Instead, for Warfield, “despite this earthly origin of His human nature, He yet is and abides (present participle) nothing less than the Supreme God, ‘God over all [emphatic], blessed forever,’”13 “our ‘great God’ (Titus 2:13).”14 “Paul couples God our Father and the Lord Jesus Christ in his prayer on a complete equality.”15 Even “the adjective ‘only begotten’ conveys the idea, not of derivation and subordination, but of uniqueness and consubstantiality,”16 since Jesus “places Himself in a position, not of equality merely, but of absolute reciprocity and interpenetration of knowledge with the Father.”17 Clearly, both Calvin and Warfield affirm that a temporary (not eternal) submission of one of the Persons of the Godhead in the incarnation was a mutually agreed-upon part of God’s plan for saving humanity from eternal condemnation, wherein a Person of the Godhead became fully human, while remaining fully God (John 1:1, 14).18 Jesus Christ, God-Among-Us, “pitched the tent of a body” (skēnōn, John 1:14), much as the tabernacle, the tent of meeting, was placed in the center of Israel’s encampment so that humans could encounter God face to face. According to the Bible, there is salvation through no other name than that of Jesus Christ and through no other means but the death of Jesus Christ for our sins (John 3:16; Acts 4:12; 1 Tim 2:5–6). Humans witnessed the spirit of servanthood that God values and displays. It was exemplified by the once-and-for-all sacrifice of God-Among-Us to restore humanity to God’s favor through God’s grace (Heb 10:14). God’s mutual deference models a virtue for both men and women to follow.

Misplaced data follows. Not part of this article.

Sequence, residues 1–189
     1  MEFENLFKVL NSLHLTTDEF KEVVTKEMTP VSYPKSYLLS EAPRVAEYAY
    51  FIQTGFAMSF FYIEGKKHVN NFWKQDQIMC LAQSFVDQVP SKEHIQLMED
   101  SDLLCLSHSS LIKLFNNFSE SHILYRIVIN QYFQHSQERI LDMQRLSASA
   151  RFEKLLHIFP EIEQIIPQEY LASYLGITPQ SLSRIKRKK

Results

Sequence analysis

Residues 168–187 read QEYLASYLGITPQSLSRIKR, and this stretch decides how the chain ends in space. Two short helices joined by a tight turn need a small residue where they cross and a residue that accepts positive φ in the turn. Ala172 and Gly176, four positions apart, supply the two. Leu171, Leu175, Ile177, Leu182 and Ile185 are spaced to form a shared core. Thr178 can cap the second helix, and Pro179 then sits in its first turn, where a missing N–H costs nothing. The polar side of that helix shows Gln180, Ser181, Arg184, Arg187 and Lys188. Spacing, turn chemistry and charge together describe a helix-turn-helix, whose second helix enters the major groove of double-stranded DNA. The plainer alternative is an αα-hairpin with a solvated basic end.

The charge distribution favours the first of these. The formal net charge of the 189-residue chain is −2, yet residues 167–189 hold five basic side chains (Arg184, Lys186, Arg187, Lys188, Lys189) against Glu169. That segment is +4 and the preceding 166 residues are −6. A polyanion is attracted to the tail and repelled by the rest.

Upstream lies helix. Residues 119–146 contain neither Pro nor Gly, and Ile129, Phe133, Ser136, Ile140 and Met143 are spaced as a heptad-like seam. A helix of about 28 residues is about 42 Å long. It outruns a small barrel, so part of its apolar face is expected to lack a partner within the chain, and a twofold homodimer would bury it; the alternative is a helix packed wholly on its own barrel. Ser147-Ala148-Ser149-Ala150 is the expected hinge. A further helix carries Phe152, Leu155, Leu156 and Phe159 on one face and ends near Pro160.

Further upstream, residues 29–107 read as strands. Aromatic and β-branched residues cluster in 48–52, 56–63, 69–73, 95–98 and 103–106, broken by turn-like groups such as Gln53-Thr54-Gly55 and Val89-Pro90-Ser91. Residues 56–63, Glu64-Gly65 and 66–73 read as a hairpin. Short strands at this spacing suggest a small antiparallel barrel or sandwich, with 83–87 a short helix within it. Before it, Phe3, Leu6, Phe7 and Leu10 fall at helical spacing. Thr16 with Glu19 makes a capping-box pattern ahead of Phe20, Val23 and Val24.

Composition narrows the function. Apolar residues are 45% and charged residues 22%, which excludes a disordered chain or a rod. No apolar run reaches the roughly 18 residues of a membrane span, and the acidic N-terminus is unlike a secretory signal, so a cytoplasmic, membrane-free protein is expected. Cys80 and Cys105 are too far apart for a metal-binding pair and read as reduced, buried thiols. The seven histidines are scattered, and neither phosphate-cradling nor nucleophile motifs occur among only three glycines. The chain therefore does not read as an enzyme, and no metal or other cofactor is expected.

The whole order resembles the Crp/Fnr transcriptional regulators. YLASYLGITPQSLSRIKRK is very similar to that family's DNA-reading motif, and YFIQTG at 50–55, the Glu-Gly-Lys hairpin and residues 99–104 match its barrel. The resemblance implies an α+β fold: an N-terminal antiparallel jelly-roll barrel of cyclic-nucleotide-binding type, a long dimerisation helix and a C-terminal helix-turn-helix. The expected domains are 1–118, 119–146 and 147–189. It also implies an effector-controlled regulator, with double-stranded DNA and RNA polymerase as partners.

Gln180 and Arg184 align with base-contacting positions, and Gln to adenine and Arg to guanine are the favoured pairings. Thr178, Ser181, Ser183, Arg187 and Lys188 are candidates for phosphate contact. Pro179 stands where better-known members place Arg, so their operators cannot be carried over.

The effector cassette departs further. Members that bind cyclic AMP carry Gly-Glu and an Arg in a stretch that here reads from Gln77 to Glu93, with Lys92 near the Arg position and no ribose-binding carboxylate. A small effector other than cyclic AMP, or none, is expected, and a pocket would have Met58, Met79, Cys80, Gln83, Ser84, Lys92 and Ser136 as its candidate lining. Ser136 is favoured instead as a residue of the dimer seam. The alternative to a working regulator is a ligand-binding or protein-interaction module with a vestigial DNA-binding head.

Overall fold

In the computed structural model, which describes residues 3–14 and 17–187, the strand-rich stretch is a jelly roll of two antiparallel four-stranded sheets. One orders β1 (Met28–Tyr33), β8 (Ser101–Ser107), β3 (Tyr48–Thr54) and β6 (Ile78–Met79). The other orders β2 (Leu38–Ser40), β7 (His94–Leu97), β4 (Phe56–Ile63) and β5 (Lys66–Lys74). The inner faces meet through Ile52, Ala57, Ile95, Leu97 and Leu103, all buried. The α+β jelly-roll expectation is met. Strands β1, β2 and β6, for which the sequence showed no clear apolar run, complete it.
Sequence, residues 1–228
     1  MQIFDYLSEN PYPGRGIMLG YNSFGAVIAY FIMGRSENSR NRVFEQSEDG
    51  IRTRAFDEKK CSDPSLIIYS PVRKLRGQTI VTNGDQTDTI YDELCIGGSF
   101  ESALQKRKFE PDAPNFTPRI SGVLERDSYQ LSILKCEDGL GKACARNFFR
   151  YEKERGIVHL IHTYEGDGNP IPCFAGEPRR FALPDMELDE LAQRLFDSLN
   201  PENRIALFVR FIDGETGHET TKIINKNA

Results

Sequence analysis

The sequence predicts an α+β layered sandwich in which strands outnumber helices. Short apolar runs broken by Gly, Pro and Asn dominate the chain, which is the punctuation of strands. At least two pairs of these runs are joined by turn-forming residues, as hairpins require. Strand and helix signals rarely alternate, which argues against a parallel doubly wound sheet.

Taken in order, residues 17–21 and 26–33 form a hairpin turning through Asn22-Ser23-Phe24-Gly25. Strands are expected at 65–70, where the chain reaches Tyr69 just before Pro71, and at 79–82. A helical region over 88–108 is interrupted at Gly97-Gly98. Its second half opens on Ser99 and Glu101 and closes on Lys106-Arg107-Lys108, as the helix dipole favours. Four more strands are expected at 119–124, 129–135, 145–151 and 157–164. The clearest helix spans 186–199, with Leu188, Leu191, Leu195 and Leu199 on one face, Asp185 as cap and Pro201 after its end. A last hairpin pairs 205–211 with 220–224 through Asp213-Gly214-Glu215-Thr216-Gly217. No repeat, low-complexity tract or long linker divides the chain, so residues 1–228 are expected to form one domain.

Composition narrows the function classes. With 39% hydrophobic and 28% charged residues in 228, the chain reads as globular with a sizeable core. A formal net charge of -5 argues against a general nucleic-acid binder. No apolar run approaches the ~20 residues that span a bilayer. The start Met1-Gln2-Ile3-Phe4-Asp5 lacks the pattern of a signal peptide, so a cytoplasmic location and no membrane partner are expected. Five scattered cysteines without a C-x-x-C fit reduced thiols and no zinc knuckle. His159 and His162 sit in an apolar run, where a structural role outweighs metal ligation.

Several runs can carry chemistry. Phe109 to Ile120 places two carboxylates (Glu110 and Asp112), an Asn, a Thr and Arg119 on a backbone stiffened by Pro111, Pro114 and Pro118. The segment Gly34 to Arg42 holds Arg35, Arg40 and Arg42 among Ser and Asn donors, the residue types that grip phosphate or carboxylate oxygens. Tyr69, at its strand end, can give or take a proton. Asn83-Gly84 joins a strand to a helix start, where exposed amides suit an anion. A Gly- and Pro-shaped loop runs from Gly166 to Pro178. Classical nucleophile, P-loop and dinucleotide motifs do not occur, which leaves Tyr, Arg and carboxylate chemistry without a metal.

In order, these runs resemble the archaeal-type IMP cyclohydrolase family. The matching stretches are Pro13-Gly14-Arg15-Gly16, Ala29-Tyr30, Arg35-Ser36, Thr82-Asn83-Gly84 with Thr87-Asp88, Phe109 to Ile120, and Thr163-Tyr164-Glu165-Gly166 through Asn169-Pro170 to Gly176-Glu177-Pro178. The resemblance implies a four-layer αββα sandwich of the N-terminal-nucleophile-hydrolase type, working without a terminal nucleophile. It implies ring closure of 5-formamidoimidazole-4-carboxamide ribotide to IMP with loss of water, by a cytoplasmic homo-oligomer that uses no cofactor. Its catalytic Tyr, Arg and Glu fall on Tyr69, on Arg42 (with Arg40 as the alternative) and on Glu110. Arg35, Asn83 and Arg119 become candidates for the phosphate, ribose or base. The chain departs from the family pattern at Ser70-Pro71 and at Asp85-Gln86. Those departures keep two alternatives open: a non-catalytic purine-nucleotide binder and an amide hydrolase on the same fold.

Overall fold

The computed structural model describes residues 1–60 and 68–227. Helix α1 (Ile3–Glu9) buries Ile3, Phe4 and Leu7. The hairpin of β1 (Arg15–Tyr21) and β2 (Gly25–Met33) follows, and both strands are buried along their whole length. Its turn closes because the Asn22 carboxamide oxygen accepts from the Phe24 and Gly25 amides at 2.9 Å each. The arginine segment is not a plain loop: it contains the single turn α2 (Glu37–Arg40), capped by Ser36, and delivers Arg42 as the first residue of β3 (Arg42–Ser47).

Avoiding elements of Arianism